Millions intended to be spent on the health needs of Eastern Cape residents have gone missing from d.
It is hard to listen to Tirhani Mabunda and not be left gaping in awe at the story of his life, albeit only the business side thereof.
A play with the figures says the auction industry moves no less than R30 billion worth of assets per annum. Of this, auctioneers leave with R2 billion in fees.
But the cut taken by black auction houses is a paltry R20 million!
His company, Tirhani Auctioneers, the biggest black-owned entity in the country, snaps 60% of this money. You'd think he'd be happy with this but the managing director of Tirhani says the industry has been unkind to black participants.
He has no kind words for the controlling national mother body, whom he is of the obstinate view wants to keep blacks out in their greed to make a killing.
He evokes the wisdom of the Mahatma Ghandi-inspired proverb "Give a man a fish; you have fed him for today. Teach a man to fish; and you have fed him for a lifetime."
In Mabunda's words, they have done everything in terms of skills acquisition to be major role players in the industry, to no avail.
He turns the proverb on its head to make the point: "We've gone out and even bought our own fishing rods but we battle to find fishing ponds."
Before he started out in 2001, he'd done business in partnership with Aucor, a known name in the industry. One year later he went out on his own to found Tirhani Auctioneers, which has now moved warehouses from Kya Sands to a more capacious one in Devland, on the hip of Soweto.
But the move from north to south has still not convinced the banks, who call the shots in the industry, that Tirhani is, in a phrase, the real McCoy.
In Kya Sands he had room for 1 000 motor vehicles in the undercover parking and outside capacity for 4 000 more. Devland is bigger but still the banks say no dice.
This is the same renowned auctioneer, in his words one of the finest in the land, who holds two designations from the US-based National Auctioneers Association, the biggest association of practitioners in the world.
Word from the association is that "less than 1% of Auctioneers throughout North America hold the AARE designation".
The Accredited Auctioneer and Real Estate means the self-confessed industry grandiloquent can not only move cars faster than anybody else on the auction floor but houses too.
"For the three days - 11, 12, 13 February, we'll be auctioning 27 properties for Nedbank," he says.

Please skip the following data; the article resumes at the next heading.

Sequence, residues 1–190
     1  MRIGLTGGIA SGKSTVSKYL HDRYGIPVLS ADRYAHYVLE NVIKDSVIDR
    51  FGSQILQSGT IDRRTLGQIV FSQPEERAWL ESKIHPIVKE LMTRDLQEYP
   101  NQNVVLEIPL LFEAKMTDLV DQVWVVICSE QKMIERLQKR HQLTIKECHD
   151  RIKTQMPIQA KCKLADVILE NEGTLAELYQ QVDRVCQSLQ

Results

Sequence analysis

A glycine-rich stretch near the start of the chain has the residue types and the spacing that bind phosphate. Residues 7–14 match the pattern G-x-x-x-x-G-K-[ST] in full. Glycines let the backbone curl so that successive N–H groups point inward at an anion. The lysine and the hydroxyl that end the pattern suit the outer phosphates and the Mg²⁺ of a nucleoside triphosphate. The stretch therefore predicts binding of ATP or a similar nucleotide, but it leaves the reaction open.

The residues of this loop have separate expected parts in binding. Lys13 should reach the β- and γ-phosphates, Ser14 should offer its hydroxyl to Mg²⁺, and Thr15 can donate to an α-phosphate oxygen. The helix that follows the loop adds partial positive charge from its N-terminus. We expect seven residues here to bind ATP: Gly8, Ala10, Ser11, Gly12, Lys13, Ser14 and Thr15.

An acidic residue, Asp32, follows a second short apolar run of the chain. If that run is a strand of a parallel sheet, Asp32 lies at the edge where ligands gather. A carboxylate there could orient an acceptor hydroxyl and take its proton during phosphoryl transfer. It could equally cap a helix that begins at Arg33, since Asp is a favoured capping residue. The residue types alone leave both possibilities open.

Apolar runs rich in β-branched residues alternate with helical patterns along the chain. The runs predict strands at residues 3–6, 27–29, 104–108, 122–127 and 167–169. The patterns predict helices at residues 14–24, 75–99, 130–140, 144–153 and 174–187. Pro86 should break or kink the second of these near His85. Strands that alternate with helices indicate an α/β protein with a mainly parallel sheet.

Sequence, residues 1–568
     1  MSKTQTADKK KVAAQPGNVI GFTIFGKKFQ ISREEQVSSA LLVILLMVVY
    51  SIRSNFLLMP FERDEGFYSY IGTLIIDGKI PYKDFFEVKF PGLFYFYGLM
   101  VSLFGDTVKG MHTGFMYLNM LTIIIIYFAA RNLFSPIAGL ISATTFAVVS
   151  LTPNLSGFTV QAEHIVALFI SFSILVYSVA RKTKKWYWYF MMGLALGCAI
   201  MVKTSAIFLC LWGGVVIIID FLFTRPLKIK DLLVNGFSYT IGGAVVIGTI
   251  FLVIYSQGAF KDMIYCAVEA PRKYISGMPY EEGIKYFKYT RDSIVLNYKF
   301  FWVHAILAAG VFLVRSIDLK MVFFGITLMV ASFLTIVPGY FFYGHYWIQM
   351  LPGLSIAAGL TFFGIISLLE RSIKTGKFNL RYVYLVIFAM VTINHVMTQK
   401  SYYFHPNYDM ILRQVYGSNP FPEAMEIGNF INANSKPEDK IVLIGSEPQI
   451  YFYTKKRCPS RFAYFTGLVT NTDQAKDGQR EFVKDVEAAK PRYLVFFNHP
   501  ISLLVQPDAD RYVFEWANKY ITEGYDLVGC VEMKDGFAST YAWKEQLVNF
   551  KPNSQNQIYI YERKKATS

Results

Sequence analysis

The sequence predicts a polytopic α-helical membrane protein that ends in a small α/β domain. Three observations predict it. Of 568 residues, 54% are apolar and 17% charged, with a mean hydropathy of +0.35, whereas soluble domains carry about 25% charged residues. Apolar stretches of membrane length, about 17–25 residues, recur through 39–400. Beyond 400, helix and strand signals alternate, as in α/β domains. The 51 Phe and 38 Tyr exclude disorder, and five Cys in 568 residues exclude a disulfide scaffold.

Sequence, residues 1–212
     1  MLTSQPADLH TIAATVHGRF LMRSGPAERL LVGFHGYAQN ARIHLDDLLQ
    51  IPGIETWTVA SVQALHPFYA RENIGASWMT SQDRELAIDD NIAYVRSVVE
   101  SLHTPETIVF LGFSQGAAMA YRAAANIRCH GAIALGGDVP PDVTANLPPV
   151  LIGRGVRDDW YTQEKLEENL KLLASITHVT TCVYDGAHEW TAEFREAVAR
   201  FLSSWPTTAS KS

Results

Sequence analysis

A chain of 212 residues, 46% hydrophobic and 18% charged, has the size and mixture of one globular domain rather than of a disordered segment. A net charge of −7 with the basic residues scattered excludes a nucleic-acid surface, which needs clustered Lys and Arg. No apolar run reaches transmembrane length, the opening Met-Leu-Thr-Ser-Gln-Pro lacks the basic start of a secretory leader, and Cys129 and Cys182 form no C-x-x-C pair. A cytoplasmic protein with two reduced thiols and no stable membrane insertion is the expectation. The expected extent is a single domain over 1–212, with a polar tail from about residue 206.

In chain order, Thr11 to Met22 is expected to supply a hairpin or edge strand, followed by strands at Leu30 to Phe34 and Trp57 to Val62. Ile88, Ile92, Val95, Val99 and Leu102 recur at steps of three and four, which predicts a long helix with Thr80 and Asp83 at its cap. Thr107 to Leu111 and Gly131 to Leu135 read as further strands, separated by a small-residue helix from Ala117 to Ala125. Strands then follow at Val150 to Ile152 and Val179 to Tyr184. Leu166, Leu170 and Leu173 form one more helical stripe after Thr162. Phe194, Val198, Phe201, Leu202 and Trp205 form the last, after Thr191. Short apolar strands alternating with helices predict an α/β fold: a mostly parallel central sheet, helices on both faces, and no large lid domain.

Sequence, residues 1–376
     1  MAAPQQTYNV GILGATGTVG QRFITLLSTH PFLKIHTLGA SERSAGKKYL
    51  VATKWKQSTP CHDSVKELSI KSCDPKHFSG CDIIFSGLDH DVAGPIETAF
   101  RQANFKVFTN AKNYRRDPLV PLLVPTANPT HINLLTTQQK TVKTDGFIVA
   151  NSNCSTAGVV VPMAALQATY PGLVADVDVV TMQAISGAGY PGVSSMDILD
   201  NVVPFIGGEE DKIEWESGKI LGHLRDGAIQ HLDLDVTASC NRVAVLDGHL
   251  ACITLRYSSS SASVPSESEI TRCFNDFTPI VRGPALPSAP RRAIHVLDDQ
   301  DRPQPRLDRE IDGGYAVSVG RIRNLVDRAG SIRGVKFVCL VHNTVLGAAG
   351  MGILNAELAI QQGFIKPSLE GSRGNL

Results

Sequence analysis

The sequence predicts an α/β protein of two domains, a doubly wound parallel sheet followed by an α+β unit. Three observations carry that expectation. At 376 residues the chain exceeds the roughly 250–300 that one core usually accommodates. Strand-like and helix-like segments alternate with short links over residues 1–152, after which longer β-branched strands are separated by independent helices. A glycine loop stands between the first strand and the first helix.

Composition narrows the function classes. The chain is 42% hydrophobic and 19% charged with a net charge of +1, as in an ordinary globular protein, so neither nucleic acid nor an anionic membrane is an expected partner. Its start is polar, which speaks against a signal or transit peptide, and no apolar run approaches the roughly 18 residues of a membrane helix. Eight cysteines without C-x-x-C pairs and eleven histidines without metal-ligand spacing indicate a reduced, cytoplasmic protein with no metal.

In November when the bank entrusted him with 10 properties to dispose of, they were all gone by December.
Mabunda is studying further with the University of Indiana for an industry-related certificate.
But despite this commendable body of work, the financial institutions are still reluctant to cut him a slice of the lucrative repossessions market. "This is a regular and consistent area that can sustain your business," Mabunda gripes, "but we get not a single unit from the banks."
The current economic hardships have ensured that owners lose no less than 6 000 cars a month back to the financing institutions. Mabunda thinks that with the playing fields levelled, he could be getting about 50 vehicles each from the leading repossessing banks "so I could at least have an auction every week".
This business goes to "the other auction houses, not us".
In the meantime, he has to be contend with once-in-a-while business from power utility Eskom, the government and various Gauteng municipalities "and even then this is when they de-fleet".
A trickling of others willing to throw work Tirhani's way are the insurance companies hoping to get rid of recovered home appliances, says Mabunda.
But as the wheels of transforming the industry turn slowly, if they are moving at all, Mabunda is involved with the services Seta to train black auctioneers. "This is not a job," he says of the industry, "it is a passion."
Such is the passion that the only ornaments on his desk are miniature models of the 1973 Cadillac Eldorado and a vintage 1931 version dubbed Peerless. Between the two sits a glass auctioneer's gavel.
All this is indeed just rewards for a hardworking man whose XiTsonga name means work.
With a given name like that, you want to believe him when he says he'll work his fingers to the bone to change the mindset in the auction world.
Now 46, Mabunda is a self-made man whose story began in Giyani, Limpopo, where he was raised in the Presbyterian Church.
He was the first, as in so many ventures, to own a Nando's franchise in his hometown, followed by another in Thohoyandou a year later.
With a petrol station back home, he's now spread his tentacles to other areas as well, like construction and research.
A humble man who seems like he has very little time for anything else other than the destiny implied by his name, he hasn't even worked on his golf.
A business partner they bought golf clubs with a few years ago already plays off an impressive 4th handicap while Mabunda ... works.